My first block or 'term' I suppose you could call it, at college, finished today. This in itself is a big deal because if you'd asked me this time last year if I'd have managed a couple of months at college I'd have laughed in your face.
For those who don't know, I'm doing an NC at City of Glasgow College (formally Glasgow Metropolitan College) in Modelmaking for TV and Film. I still can't believe just what a perfect subject it is for me. Everyone in my class is completely mad (including the tutors :P) and despite there being a few bits and pieces I struggle with a little (being accurate for one thing, lol) I absolutely love what I'm doing and I'm so glad I decided to go for it.
Anyway, I've completed several projects now so I thought I might as well show them to you all. :D
First up is the Eyewear project. In this we were to design and make a pre-prototype model of a piece of eyewear from either the Sci Fi, Industry or Sportswear catagories. Unsurprisingly I went for sci fi and after a bit of faffing about with ideas, finally settled on this, the 'gill-wings' concept. Typically it was a faff and a half to make; heat bending the clear plastic for the visor, making mirrored masters for the vac-forming, painting it all with glass paints whilst trying to avoid it streaking all over the place and not to mention working out how to actually keep the blasted thing on my face! XD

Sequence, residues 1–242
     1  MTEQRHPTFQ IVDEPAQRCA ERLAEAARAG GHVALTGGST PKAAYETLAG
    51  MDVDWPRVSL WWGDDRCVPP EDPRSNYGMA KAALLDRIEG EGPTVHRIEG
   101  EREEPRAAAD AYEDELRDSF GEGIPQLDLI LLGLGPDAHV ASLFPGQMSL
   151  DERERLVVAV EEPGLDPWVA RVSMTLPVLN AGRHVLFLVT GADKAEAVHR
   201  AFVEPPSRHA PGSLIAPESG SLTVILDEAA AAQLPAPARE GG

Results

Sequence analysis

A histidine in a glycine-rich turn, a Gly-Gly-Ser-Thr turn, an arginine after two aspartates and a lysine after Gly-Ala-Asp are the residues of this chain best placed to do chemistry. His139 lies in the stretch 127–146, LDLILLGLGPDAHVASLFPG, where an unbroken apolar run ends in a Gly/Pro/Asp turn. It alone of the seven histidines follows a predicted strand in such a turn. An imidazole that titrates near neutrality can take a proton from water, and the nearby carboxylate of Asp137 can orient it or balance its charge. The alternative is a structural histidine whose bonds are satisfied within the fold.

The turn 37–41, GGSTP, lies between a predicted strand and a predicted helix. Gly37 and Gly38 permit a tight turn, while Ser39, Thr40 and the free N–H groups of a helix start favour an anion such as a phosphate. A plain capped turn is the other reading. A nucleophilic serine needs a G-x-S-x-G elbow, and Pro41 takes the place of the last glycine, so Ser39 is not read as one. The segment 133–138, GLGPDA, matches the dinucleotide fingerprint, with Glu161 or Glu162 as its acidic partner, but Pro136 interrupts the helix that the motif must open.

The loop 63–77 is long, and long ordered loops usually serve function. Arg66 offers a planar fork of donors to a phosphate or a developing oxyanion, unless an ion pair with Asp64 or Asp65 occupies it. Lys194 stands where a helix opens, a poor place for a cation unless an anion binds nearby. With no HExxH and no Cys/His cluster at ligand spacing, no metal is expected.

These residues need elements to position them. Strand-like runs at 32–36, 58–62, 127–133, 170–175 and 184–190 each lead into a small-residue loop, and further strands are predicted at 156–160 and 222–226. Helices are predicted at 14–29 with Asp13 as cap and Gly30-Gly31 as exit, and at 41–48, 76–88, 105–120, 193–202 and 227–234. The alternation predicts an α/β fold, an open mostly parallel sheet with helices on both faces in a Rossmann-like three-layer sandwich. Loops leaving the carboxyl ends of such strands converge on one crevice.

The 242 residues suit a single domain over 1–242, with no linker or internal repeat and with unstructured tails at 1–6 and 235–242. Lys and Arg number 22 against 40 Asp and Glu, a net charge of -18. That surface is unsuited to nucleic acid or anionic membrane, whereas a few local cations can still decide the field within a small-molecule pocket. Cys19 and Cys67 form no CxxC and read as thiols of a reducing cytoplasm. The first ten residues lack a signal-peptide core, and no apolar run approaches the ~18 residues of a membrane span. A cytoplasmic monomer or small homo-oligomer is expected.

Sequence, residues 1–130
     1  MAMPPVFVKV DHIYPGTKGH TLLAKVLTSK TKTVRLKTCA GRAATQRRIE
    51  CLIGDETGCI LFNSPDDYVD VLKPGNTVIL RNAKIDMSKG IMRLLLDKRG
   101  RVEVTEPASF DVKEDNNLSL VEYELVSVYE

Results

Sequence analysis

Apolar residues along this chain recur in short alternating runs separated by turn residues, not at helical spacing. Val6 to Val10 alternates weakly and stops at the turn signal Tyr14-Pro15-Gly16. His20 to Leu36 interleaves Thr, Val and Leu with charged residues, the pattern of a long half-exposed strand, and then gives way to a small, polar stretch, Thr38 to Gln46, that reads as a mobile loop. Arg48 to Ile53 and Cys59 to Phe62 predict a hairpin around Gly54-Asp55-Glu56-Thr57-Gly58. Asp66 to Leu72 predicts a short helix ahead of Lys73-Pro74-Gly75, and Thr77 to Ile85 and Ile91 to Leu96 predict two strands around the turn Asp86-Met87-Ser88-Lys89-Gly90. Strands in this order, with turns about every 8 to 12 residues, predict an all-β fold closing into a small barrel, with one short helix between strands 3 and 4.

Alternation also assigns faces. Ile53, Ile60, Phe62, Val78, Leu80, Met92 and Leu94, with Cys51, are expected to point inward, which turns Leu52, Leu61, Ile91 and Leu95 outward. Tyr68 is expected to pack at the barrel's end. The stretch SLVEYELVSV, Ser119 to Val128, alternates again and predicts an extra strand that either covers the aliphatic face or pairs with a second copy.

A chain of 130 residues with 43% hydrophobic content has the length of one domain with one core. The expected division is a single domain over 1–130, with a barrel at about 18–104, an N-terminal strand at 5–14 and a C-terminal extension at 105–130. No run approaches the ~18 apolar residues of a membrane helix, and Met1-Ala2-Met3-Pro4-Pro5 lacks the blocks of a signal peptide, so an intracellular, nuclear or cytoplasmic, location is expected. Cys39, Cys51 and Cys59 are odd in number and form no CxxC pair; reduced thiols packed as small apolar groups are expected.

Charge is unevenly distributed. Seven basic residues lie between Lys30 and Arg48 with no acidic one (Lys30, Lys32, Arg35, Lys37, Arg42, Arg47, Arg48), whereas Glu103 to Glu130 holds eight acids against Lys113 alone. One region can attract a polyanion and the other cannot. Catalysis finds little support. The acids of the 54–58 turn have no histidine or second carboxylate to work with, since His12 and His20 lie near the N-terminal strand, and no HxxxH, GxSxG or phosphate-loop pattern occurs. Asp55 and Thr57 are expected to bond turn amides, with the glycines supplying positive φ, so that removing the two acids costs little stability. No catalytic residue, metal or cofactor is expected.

When all's said and done though, I'm pretty pleased with it and it's actually very comfortable to wear, if impossible to see through!
(Apologies in advance for the photos - I keep forgetting to bring my SLR into class so I've had to make do with my iPhone's camera...)
Because it was a pre-prototype model it didn't have to be absolutely perfect...thankfully! XD
Next was one of many incredibly dull example pieces we had to make in our Media Handling section - mostly cubes and cylinders out of blue foam which had to be exactly the right size, much to my annoyance. For someone who loves photography, this one was very stressful as there were so many sections to make - many of which didn't have measurements listed on the reference sheet! I desperately wanted to soften the edges like on the real thing but apparently we weren't allowed. ¬¬
Next up was The Cube - basically a 100mm cardboard cube with a different surface on each side. One had to be vac-formed, one made from cork, one a 'natural' surface, one a 'man-made' surface and the last was to be our own choice.
First up was the cork contour one. I didn't have a clue what to do for this one so ended up falling back on the old trick of faffing about until something pops into my head and lo, a ruined old doorway appeared.
For the 'natural surface' I chose to do a fossil - based loosely on the gorgeous ammonite I found down in Dorset a couple of years ago. Made entirely from blue foam (with some sprinkled on tealeaves for soil) it was the second thing I made for the cube.
I had a lot of fun texturing that one, especially as I hadn't bought my kit at the time so ended up carving out the whole thing with half a wooden coffee stirring stick I had in my bag! XD
The man-made one is probably my favourite bit though. Most people did walls or pavements but I thought I'd be a little bit different and did a partially excavated roman mosaic. :D Like the previous one, it's nothing more than blue foam, carved out with a scalpel, fingernails and the aforementioned coffee stirrer! It looks so much better in person...